It's been a while since I've had a Tweet like this:

A lot of tweets in the early days along the lines of 'give it up' and more amusingly 'Virgin [or Stagecoach] know what they're doing' considering they realised they had got their figures wrong just weeks into the franchise I don't think that counts as knowing what they're doing.

So for those who don't follow closely it may seem that I have a deep hate for Virgin because of scrapping Rewards. This is not true. Although it was a mistake for them to scrap the Rewards scheme (they may have come closer to their projected growth targets if they hadn't alienated their regular passengers from day one), between 2015 and mid 2017 I had a decent relationship with Virgin Trains East Coast. I was even invited to the Azuma launch event. 

For the first few years it seemed the only mistake VTEC made was the loyalty scheme. The rest seemed to be building on the success of East Coast so I was happy with VTEC overall, sad they got rid of Rewards but still rated them the best operator in the UK.

So we can break down my current issues with Virgin Trains East Coast as follows:

  • In 2017 they changed staff rotas meaning fewer staff rostered on board. This meant some trains didn't have enough staff to do the full catering offering. The first thing to go when there's staff shortages is the standard class trolley, then the service in first class gets reduced. If you've booked first class for the purpose of enjoying a hot meal on a 4+ hour trip to Edinburgh then you're going to be disappointed. Catering has always been important on the ECML, GNER had great pride in their catering, East Coast launched the current complimentary service style. For me messing with the catering messes with one of the things that made East Coast special.
    • The changing rotas also affected a lot of staff morale. Staff make the service what it is. Many continue to deliver a good service while hating their employer, something is wrong there! The 'Virgin Way' is supposedly to look after your employees but at VTEC this wasn't the case. On the day it was announced that VTEC had lost their franchise I jumped on a number of trains asking staff what they thought of the news and all of them were delighted. I did the same when I travelled on the weekend after the announcement. Everybody I met on these days seemed happy. I know not everyone will be happy, but the ones I encountered since the announcement certainly were.
  • The new VTEC booking engine and ticket machines. I've written a lot about these already. In terms of features the booking engine has taken us back 10 years. We lost the ability to change tickets online and to book cycle reservations online (which is a pain as cycle reservations are mandatory on VTEC services), a number of bugs in the site meant you could get overcharged in certain situations too.
  • Station staff have been reduced too. This means many ticket offices are closing earlier, ticket barriers have been removed at Durham, Newark NG and Grantham and at terminating stations there's fewer staff available to put the reservations out. This also affects stations with first class lounges as stocks in the lounge are replenished less often (Newcastle and Doncaster now rarely have biscuits) and also the lounges are often a mess due to no one to tidy them.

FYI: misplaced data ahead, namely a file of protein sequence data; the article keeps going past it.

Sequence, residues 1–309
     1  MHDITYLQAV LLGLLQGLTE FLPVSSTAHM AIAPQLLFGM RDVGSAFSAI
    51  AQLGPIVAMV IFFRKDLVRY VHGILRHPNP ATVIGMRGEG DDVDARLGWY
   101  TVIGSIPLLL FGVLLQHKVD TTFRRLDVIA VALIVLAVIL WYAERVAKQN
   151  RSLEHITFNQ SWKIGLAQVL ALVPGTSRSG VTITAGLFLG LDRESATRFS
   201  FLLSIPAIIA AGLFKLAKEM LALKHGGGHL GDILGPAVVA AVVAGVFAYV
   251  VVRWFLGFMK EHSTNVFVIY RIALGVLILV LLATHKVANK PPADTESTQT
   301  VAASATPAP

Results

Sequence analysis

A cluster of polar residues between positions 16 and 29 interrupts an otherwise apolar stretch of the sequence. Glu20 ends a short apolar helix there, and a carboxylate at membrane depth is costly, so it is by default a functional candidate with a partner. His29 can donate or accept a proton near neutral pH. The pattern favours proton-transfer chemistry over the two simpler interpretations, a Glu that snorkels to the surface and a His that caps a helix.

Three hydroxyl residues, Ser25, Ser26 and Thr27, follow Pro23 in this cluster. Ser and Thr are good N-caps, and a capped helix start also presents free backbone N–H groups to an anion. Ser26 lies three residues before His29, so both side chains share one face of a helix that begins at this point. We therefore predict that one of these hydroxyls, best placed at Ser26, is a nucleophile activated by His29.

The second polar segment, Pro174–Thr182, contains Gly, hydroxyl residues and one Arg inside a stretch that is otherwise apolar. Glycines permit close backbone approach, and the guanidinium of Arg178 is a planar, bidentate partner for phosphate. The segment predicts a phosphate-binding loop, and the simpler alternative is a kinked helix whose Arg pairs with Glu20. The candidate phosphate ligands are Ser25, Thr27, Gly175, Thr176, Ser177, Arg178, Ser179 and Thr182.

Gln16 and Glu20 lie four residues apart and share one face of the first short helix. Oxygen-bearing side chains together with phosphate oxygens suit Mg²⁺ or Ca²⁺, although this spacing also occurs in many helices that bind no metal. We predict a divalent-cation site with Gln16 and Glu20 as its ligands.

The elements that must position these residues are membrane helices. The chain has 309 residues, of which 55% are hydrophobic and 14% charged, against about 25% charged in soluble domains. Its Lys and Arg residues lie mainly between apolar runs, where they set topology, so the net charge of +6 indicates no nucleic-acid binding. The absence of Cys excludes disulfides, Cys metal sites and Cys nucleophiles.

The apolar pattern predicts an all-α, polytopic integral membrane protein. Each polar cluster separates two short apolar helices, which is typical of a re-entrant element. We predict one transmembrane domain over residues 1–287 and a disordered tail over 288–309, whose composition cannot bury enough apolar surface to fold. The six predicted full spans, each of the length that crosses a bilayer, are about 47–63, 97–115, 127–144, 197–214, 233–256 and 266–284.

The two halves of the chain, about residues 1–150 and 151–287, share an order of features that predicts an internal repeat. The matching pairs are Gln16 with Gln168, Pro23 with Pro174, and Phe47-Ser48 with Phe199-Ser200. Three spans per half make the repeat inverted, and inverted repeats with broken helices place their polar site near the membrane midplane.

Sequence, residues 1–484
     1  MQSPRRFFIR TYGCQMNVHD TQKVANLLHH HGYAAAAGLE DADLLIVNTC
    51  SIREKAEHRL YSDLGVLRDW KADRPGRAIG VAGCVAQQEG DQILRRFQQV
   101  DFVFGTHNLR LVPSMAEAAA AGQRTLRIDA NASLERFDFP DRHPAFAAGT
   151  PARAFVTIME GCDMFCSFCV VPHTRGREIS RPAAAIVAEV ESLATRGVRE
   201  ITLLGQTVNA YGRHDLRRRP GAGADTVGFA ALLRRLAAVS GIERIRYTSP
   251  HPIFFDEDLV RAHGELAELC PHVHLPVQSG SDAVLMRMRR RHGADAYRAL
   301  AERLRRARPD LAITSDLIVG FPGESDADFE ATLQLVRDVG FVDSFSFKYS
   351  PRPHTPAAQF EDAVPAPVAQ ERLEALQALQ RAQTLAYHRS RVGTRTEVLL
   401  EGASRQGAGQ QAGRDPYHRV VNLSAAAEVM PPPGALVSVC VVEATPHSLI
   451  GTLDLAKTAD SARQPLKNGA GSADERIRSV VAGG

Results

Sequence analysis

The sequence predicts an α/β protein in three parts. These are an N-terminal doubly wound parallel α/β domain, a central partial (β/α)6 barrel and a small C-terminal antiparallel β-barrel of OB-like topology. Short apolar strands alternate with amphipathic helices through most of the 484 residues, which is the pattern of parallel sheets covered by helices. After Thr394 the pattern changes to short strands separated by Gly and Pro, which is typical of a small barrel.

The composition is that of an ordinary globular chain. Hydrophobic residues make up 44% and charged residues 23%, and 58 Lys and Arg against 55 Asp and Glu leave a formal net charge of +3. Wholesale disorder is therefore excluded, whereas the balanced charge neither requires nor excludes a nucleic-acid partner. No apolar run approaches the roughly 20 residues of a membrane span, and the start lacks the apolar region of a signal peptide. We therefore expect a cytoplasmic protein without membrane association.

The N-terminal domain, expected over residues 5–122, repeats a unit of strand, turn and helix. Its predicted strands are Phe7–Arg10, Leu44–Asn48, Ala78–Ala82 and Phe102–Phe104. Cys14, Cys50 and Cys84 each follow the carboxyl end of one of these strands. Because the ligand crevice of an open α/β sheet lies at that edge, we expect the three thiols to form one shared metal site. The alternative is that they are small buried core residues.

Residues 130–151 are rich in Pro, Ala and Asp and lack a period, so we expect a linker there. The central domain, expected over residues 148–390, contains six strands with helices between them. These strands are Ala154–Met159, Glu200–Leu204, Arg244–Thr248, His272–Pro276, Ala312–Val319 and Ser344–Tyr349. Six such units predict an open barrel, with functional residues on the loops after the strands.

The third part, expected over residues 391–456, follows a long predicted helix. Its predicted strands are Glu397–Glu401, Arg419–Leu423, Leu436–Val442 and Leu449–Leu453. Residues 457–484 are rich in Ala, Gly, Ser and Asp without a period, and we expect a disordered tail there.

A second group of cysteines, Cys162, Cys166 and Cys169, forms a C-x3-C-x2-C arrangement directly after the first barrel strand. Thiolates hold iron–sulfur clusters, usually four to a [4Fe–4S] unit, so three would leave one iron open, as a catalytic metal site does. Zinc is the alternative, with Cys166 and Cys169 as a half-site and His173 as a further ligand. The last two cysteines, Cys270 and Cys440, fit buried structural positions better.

• Maintenance issues and the poor information provided around these. A number of trains have had issues with accessible toilets being out of order, the same with kitchen equipment which is another reason some trains don't have the advertised catering. Rather than inform people in advance of these issues so people can make alternative arrangements this information is not made public because they don't want the bad press surrounding it. Even if accessible toilets and catering don't affect you then issues with the air conditioning might do in the summer, there's been many reports so far with sets with air conditioning troubles.

LNER deserve a bit of time to get things back on track, there won't be miracles from day one, but I see it being the same as when East Coast took over from National Express. The outgoing operator had to pay crazy premiums to the government so towards the end was trying to cut back on anything they could to save money, the same is happening here with VTEC. LNER won't have the same financial pressures as they won't have fixed premiums to pay, this can give them the opportunity to address issues such as catering and maintenance which will be putting some people off travelling. Within a few months of East Coast taking over from National Express the improvements started to be noticed.

Ultimately the InterCity East Coast francise is a highly profitable one. Unfortunately because of that operators have a tendancy to overbid. The National Express East Coast bid was way too high and they failed so why VTEC thought bidding significantly more was going to work I have no idea.

If they had made a more reasonable bid I could have seen Virgin Trains East Coast doing well. Without the promise of massive premiums to the government they could have built on the good work of East Coast and delivered an excellent service. I'm not sure what went wrong with the ticket machines and web booking engine, I had great hopes in their ability to advance technology but it turned out disappointing.

This video shows what they had planned for 2017 with their app and failed to deliver.

As for Rewards, even if LNER start with no loyalty scheme that's a good thing. If they carry on with Nectar it's possible that they'll be locked into it by contract for a number of years, but hopefully that won't be the case and, like East Coast, can develop a successful Rewards scheme. As for Nectar, if you really miss Nectar just book your tickets with GWR, SWR or TransPennine Express, unlike Virgin, they give points for ALL rail travel.